So, we put things in storage lockers and pay more in rental fees, over the years, than they are ever worth. I have a friend who has six of these, and over a decade, has paid tens of thousands of dollars in storage fees. He has no idea what is in them anymore. He ends up going out and re-buying things he already owns, as he can't get at any of these priceless possessions. Eventually, the lockers will be sold at auction, likely when he dies, or when he finally gives up and stops paying the rental fees.
My friend with the inherited house is already talking about renting multiple lockers, so he can put all this stuff in them (to sell the house) and thus give him "more time" to look over this valuable junk and sort through it all. This is madness. This is incipient hoarding disorder. And yes, his parent's suffered from this form of mental illness, which is why he is struggling with a house full of crap now.
And this is sad, too, as what should be a happy time in his life - enjoying retirement and his inheritance, is going to be spent, instead, trying to re-live his parent's lives through their crap. He will be dragged down by these nonsensical things, until it kills him.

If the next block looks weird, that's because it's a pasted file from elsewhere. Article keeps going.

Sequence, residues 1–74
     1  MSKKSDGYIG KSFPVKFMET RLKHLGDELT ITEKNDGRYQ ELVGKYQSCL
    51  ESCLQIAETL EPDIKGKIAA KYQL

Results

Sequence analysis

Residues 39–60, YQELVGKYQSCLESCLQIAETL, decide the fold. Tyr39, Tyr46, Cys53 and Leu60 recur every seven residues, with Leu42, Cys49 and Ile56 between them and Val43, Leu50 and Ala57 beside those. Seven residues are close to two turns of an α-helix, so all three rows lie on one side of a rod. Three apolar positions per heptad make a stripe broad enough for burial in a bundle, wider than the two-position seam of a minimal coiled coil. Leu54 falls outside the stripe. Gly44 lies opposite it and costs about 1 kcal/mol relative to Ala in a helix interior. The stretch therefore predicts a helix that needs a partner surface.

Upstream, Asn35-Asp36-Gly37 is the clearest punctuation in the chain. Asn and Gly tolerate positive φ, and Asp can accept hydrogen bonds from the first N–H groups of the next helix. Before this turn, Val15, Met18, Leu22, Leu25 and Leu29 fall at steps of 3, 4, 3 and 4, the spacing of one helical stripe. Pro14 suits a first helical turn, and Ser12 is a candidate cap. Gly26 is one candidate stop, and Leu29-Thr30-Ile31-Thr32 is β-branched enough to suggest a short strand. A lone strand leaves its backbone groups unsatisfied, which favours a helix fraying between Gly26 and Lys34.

Like I said, we all do this to one extent or another. The key is to wake up and walk away from the material, and learn to live with less. Buying a house so you can store your car - or boat, is nonsense. And yet, many people do this. And worse yet, they fill up that three-car garage with junk and then park their cars outside. What is the point of all this madness?
Owning stuff is not a privilege or a treat, but actually a real drag. For everything thing you own, you have to give up a small piece of your psyche. And if you own enough, eventually, you lose your mind. Just keeping track of it all and worrying about it will start to dominate your existence. And the poorer you are, the worse it is.
Look around these poor neighborhoods. Bars on the windows. Chain link fences. Mean guard dogs. And for what? To protect a $499 big-screen TeeVee. What is the point of spending thousands of dollars on security to protect rapidly depreciating electronic appliances and crappy chain-store furniture?
There isn't one. And yet more and more Americans are caught up in this nightmare. Convinced that the crap they own is priceless and worthwhile spending thousands and thousands of dollars to maintain, move, and store.